Google v Oracle: judge’s order creates ethical dilemma for tech bloggers

In the dog days of a hot American summer, the tech journalism and blogging community are being made to sweat a little more than usual. Or at least that is the theory, after a judge in a long-running and high-profile patent infringement case between Oracle and Google asked both companies to disclose which writers they pay for consultancy or favourable opinions.It is not exactly clear why the district judge William Alsup decided to order the companies to surrender any names of journalists, bloggers or commentators they might have a financial relationship with who could have commented on the case. But the companies are bound to comply by Friday. The scope of the order is incredibly wide and might therefore even include bloggers who take ads from Google on their blogs. see:Alsup Goes Fishing With Wide Net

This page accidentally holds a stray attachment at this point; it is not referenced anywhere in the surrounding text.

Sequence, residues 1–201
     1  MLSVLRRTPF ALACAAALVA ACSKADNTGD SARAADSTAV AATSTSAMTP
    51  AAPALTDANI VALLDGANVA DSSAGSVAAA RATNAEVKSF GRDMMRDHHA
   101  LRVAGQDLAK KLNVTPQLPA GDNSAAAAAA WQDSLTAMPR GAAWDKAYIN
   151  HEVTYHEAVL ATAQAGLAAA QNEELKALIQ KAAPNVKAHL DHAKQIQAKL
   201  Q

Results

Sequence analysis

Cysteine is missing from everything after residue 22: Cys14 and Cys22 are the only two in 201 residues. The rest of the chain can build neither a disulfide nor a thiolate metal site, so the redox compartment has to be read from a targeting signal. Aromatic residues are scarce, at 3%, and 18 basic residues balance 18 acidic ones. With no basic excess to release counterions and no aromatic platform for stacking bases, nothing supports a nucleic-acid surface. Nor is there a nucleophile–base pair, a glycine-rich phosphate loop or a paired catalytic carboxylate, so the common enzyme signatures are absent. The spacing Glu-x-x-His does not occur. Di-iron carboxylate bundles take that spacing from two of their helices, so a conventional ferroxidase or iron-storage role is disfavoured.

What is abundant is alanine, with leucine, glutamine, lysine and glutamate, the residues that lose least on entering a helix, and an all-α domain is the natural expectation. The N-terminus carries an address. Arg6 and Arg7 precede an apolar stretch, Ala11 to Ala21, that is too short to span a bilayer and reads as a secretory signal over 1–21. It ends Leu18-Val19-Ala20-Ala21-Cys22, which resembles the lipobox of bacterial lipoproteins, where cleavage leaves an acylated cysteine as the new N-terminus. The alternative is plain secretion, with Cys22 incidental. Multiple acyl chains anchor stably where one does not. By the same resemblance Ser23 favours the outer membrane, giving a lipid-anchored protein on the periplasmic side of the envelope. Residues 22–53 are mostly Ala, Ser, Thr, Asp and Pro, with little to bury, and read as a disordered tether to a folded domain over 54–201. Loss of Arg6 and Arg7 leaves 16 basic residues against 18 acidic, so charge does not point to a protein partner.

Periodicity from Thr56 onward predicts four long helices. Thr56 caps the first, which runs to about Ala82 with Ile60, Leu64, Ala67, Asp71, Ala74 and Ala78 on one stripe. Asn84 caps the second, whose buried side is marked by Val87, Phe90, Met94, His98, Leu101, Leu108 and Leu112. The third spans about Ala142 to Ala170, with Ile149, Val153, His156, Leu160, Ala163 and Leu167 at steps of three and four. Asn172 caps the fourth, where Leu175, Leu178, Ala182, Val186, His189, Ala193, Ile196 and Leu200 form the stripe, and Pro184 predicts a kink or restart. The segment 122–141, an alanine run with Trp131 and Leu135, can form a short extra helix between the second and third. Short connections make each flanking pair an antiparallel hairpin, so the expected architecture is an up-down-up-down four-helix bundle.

When U.S. District Judge William Alsup ordered Oracle Corp., Google Inc. and their counsel to disclose financial relationships with any bloggers, journalists and academics who’ve written about their smartphone megatrial, it set off a raft of questions among technology lawyers:Does Alsup have the power to do that? What prompted him to issue this order on his own motion? And which authors are likely to be exposed as “shills” for the technology titans?

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